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Lin Clark's talk makes this sound like they implemented a scheduler in React -- basically JS is single-threaded, so they're implementing their own primitives and a scheduler for executing those on that main thread.

Sounds neat, but it also seems like an explosion in complexity -- perhaps there will be a bunch of weird scheduler bugs the operating system folks more or less figured out a long time ago?

This is a valid concern, and we'll do our best not to screw up. :-)

It's not as hard because there is no parallelism (at least now) and any mutations of the internal data structures happen in two or three tightly controlled places. But yea, debugging these is harder during development (for us) and we'll need to make sure our testing story is rock solid before shipping the asynchronous mode by default.

One thing that really helps here is we test all updates on Facebook which uses React in many places and has a giant user base. So regressions that lead to a drop in metrics (e.g. a crash or a race condition) automatically get reported to us, and this adds a second line of defense after unit and integration tests.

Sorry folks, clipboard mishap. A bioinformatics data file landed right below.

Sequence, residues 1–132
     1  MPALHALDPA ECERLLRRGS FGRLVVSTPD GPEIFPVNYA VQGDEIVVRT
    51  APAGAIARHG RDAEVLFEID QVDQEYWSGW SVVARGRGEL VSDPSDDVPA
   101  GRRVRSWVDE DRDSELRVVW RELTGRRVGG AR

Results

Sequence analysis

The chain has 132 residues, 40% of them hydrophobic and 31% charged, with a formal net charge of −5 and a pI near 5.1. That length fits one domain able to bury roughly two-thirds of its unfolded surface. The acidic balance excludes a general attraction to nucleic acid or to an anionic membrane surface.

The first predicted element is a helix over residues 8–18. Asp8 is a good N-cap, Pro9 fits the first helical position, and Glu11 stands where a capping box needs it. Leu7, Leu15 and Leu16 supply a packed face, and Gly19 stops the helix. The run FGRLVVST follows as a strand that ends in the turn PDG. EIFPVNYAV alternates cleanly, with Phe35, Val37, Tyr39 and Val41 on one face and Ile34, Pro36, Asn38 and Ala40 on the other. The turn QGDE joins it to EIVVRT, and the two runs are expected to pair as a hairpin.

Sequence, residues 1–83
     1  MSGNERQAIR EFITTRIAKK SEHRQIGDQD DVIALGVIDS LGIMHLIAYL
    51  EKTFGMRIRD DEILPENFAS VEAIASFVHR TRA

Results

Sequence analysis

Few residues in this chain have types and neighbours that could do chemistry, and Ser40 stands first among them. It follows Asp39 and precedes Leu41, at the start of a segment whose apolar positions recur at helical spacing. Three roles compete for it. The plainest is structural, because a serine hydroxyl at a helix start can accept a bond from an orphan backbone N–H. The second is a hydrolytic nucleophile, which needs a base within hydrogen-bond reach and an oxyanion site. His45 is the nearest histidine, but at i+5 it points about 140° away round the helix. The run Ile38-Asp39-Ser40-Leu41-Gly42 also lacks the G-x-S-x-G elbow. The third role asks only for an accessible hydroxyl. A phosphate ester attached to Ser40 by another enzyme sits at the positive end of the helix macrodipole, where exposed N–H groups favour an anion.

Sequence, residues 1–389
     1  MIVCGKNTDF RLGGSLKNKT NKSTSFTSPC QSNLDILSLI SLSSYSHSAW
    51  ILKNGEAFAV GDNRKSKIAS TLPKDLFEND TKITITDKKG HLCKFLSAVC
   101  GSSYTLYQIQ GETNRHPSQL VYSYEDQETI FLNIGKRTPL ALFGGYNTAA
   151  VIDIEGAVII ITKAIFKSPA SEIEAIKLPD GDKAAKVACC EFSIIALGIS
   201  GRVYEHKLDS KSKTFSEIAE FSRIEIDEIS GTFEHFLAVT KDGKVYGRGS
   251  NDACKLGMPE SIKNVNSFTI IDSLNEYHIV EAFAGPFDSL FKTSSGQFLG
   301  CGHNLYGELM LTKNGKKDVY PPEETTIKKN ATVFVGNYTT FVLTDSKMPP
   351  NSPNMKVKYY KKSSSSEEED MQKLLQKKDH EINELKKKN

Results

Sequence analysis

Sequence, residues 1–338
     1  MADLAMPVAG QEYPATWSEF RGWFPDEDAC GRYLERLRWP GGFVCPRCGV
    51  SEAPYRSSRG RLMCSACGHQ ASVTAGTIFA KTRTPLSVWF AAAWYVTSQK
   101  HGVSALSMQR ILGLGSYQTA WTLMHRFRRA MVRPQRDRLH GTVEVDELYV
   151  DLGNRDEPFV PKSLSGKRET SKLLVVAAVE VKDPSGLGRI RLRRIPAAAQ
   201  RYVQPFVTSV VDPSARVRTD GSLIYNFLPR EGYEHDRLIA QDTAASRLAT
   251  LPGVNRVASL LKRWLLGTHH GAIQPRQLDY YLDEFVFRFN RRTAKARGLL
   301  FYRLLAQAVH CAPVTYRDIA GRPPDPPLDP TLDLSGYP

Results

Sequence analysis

New code certainly carries risks that old, known code doesn't. And yes, this does carry over towards OS scheduler territory.

That said, the early feedback from others in the React community is that the Fiber implementation is simpler overall and easier to work with than the "React Stack" implementation. Fiber is also explicitly built to support additional renderers on top of the core reconciler, while building renderers on the Stack implementation apparently required some levels of monkey-patching or reaching into internals.

I'm an author of a custom renderer and yes it's so much easier to make a renderer to work with fiber :) I'll do a write-up on it eventually but I'm sure others with more time will beat me to it.

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